Your DJ... Richie O.
I am an originalist.
Plain and simple.

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THE 1930'S
The Depression Era
On October 29th 1929, the stock market crashed causing a 15 year downfall in the world economy called The Great Depression. The 1930s were trying times for all Americans out of work and losing their homes and livelihoods. All we had were our radios to keep us smiling through these terrible times.
Musically, the early 30s (1930-1932) were a continuum of late 1920s pop. Artists like Paul Whiteman, Fred Waring and Ted Lewis kept an upbeat of 20s style jazz while Louis Armstrong's swing and Duke Ellington's "slip horn-jive" styles kept us moving.
By 1933, new artists began to appear on the scene. Some more synonymous with the 1940s like Bing Crosby and The Mills Brothers. Benny Goodman was setting a new standard in swing, breeding a new brand of Big Bands, competing for the top.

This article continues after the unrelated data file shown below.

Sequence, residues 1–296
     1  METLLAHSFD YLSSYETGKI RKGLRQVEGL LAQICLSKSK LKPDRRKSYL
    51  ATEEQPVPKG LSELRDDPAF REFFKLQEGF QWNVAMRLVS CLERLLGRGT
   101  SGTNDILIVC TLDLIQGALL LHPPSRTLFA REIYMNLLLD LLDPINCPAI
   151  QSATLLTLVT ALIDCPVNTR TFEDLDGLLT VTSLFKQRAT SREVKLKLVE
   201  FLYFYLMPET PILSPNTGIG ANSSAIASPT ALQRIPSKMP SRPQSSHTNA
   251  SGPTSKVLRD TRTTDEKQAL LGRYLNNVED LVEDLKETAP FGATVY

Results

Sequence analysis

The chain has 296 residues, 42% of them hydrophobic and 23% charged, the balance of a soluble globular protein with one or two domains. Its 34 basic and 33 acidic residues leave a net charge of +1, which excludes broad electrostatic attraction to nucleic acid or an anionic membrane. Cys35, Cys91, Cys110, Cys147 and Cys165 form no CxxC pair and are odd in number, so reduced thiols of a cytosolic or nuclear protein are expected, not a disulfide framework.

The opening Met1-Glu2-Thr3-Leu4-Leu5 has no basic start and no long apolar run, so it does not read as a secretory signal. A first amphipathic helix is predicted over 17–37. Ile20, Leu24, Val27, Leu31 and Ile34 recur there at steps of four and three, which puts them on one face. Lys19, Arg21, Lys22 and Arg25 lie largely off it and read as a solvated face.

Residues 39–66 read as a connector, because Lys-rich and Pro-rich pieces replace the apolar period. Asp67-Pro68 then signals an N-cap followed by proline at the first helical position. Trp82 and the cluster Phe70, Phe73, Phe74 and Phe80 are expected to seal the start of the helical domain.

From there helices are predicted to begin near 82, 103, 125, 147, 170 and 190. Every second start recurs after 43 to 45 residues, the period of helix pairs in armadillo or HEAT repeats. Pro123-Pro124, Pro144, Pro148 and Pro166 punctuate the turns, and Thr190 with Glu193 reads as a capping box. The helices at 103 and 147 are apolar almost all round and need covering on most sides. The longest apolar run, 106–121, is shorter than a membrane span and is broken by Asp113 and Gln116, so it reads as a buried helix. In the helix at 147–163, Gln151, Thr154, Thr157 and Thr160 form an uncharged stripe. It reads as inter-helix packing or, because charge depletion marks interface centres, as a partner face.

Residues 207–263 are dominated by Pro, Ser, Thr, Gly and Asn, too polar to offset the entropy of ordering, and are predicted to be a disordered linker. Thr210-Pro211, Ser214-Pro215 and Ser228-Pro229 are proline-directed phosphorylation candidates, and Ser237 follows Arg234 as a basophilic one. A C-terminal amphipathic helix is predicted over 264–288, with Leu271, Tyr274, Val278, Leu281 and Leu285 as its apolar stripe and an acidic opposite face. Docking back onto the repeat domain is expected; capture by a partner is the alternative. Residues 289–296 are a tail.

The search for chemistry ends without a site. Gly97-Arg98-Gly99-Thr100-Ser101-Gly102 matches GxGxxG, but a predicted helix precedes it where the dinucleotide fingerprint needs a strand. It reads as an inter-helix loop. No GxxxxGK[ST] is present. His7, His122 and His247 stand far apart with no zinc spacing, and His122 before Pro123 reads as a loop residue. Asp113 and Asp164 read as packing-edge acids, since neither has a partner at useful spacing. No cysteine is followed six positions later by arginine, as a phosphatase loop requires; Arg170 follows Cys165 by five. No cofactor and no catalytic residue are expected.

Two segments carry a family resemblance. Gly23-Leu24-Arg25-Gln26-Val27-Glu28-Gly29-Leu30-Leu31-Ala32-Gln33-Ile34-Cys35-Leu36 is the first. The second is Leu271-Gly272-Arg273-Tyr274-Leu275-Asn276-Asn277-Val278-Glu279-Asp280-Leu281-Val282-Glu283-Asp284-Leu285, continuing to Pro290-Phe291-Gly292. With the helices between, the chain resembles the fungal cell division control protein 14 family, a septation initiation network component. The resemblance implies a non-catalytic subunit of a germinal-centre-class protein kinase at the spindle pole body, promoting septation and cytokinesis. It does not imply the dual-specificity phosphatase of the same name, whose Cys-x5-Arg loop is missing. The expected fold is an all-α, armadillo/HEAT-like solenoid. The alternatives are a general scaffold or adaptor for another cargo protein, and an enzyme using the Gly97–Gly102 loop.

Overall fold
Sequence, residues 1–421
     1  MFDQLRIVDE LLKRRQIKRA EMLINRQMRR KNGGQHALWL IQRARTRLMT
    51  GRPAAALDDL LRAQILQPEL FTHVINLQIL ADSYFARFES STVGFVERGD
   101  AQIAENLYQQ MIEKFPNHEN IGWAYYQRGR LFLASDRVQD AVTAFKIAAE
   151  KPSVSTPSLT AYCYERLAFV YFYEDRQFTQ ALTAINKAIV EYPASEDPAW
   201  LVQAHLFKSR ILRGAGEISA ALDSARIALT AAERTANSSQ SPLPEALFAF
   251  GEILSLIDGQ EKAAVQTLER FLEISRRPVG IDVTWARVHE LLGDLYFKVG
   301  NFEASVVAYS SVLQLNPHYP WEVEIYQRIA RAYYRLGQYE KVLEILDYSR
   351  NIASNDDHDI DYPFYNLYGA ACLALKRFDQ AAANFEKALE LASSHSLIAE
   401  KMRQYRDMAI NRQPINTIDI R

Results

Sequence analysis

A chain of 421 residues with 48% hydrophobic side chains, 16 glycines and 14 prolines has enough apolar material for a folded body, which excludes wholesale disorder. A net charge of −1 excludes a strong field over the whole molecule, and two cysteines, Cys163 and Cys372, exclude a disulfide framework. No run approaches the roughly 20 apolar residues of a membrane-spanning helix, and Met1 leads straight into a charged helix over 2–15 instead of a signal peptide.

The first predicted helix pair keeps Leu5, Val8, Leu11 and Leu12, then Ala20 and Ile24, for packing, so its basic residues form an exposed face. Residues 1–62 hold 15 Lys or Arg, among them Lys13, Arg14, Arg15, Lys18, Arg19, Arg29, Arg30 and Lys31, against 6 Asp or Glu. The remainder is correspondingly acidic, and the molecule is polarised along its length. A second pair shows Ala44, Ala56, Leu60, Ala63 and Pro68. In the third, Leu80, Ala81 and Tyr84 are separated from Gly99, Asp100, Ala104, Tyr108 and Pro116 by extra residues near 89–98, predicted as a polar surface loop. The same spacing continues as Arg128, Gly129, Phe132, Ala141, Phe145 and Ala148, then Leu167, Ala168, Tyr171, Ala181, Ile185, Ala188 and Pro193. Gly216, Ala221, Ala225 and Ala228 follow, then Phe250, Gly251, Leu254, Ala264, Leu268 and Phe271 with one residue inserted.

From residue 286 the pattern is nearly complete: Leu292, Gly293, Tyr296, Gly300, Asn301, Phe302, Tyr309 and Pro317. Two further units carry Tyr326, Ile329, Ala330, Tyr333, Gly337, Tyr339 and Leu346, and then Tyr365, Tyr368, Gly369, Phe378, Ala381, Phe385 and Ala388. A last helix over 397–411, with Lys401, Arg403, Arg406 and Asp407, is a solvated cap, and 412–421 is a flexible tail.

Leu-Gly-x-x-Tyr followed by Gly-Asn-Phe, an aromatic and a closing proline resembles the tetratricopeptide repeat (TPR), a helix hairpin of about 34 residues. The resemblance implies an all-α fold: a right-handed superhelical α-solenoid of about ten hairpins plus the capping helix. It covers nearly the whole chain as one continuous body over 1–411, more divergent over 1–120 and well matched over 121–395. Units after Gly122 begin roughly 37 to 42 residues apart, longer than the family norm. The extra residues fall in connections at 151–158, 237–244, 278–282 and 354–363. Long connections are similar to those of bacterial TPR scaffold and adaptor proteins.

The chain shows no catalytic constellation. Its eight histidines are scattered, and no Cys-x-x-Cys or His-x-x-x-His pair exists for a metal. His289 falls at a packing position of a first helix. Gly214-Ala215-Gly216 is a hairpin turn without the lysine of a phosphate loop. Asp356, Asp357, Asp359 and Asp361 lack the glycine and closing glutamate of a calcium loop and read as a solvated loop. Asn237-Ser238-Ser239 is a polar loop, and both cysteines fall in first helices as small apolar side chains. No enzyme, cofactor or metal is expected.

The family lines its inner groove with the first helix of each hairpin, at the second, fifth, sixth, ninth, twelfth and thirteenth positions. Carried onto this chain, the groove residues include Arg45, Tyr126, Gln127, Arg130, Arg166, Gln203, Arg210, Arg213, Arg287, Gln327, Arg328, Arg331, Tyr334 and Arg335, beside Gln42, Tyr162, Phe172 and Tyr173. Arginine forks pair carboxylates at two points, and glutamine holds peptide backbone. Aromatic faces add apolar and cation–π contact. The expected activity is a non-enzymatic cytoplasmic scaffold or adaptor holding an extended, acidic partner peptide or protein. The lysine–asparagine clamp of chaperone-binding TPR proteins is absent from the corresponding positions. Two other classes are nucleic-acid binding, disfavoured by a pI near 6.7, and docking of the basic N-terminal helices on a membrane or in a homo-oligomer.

By 1936, all styles of the "flapper" movement were all but gone. The depression was deepening and America became more sober in its needs for entertainment. At the same time yearned for escapism. Hollywood gave us huge stage productions and pop music aligned itself with the movie industry. Eight out of ten hits were from a soundtrack of some movie. This trend would continue throughout the 1940s.
By the late 1930s (1937-39) the stage was set for 1940s new Big Band swing styles to click. The Andrews Sisters changed the "gal groups" forever, Artie Shaw's "Begin The Beguine" and Glenn Miller's "Moonlight Serenade" would set a new standard for mainstream swing throughout the 1940s even through the early parts of the 1950s.

If the record was produced for mono,
it should remain mono.

1930 | 1931 | 1932 | 1933 | 1934
1935 | 1936 | 1937 | 1938 | 1939